Part of the mission of Jesus the Liberator Seminary is to produce publications in an effort to strengthen our growing community inside and outside of the walls of the prison. We have published three books (see below), including our most recent publication, More to this Confession: Relational/Prison Theology (2020).
Our books are free of cost. However, you are free to give a donation to support the work of the organization. Contact us, if you would like hard copies of the book(s) mailed to you. Or, download a copy by clicking the link below.
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“Prison Theology is an extension of Liberation Theology. At their core, both express a ‘preferential option for the poor’. Both work to articulate a theology that empowers people disaffected by dominant paradigms of power. Both articulations are born among the struggles of oppressed people. … And so we start from where we are.”
Download a free pdf copy of Prison Theology here.
“The United States of America incarcerates and medicates people at a greater rate than any nation on earth. This is the first response to real or perceived crimes and illnesses. Bringing light to this situation is the intention of this book. The authors have survived the prison and mental health systems and/or have worked to bring healing and liberation to people within this system and/or have worked to create a new way of addressing crime and illness. Some of the authors have questioned the foundations of what is considered a crime or illness and/or have worked through crime and illness to create transforming insights and/or have documented nonviolent histories, methodologies and poetic, speculative insights based in the experience of their work. Implicit within this is liberation from personal and social limitations.”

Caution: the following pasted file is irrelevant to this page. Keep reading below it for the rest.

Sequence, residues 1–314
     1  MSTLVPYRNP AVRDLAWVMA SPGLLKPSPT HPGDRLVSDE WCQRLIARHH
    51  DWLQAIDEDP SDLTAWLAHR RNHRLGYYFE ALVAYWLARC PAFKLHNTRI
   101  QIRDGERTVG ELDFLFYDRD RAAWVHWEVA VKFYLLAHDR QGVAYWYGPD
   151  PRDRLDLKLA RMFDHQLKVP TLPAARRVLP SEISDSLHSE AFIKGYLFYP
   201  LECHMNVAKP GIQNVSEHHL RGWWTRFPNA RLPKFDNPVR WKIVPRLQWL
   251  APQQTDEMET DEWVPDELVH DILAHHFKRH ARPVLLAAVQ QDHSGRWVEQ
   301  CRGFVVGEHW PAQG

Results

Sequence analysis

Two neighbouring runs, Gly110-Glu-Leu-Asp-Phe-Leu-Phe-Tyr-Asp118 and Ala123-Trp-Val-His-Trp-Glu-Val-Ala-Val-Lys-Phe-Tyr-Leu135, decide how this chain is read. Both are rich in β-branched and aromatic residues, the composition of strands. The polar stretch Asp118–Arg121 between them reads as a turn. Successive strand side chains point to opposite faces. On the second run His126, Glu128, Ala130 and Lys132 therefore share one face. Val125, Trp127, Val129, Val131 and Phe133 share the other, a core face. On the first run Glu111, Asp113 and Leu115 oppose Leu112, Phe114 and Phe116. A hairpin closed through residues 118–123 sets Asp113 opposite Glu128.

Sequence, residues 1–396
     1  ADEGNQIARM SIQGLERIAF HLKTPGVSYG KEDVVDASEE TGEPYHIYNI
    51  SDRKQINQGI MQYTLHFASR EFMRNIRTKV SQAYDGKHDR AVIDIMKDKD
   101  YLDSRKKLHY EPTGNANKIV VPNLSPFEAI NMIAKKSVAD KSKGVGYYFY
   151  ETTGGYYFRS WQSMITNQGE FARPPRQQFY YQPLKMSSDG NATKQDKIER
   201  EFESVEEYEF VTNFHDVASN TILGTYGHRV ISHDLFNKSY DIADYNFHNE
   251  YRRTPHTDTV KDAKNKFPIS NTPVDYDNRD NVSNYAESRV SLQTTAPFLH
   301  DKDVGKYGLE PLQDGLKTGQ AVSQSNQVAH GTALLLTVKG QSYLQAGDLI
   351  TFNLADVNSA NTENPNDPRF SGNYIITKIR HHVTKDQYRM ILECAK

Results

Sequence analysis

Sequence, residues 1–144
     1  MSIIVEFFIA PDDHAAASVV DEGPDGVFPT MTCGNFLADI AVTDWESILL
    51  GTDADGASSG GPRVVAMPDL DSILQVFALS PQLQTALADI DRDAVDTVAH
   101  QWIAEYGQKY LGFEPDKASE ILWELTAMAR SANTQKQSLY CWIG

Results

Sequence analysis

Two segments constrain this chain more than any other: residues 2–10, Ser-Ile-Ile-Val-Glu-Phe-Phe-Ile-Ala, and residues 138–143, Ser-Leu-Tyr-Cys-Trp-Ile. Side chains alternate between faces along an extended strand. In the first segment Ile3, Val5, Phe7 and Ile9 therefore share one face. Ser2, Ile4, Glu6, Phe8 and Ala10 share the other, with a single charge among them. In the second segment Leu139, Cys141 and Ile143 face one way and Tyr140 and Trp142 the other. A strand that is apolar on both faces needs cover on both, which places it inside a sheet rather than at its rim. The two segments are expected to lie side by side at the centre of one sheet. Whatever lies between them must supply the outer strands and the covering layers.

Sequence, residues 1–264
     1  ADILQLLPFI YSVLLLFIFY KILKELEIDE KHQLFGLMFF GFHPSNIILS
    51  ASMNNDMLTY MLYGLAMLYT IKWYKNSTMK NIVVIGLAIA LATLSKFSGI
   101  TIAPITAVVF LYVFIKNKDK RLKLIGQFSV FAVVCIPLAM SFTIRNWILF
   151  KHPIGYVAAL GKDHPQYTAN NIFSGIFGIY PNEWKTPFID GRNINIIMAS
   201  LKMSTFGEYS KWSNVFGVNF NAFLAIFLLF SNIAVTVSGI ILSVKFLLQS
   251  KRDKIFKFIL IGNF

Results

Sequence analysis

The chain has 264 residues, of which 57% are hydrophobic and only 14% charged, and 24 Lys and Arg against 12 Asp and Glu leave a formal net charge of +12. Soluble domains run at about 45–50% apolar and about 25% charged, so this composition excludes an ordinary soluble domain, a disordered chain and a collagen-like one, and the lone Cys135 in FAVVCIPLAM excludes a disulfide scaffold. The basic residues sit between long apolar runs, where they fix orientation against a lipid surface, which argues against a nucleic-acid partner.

Download a free pdf copy of Dreamers, Romans and Prisons here.
Our experience has shown us that inmates want their voices to be heard. They want people to know that they are thinking, feeling and spiritual beings. They want people to know of the conditions that exist in captivity. The silence and darkness of repression is often more painful than bars limiting physical wandering. The freedom of mind remains alive in the written and spoken word. Inmates long for freedom. We feel compelled to share these words of longing. They are a testament to human freedom. We take the
responsibility to tap into the essence.
Download a free pdf copy of More to the Confession: Relational Prison Theology here.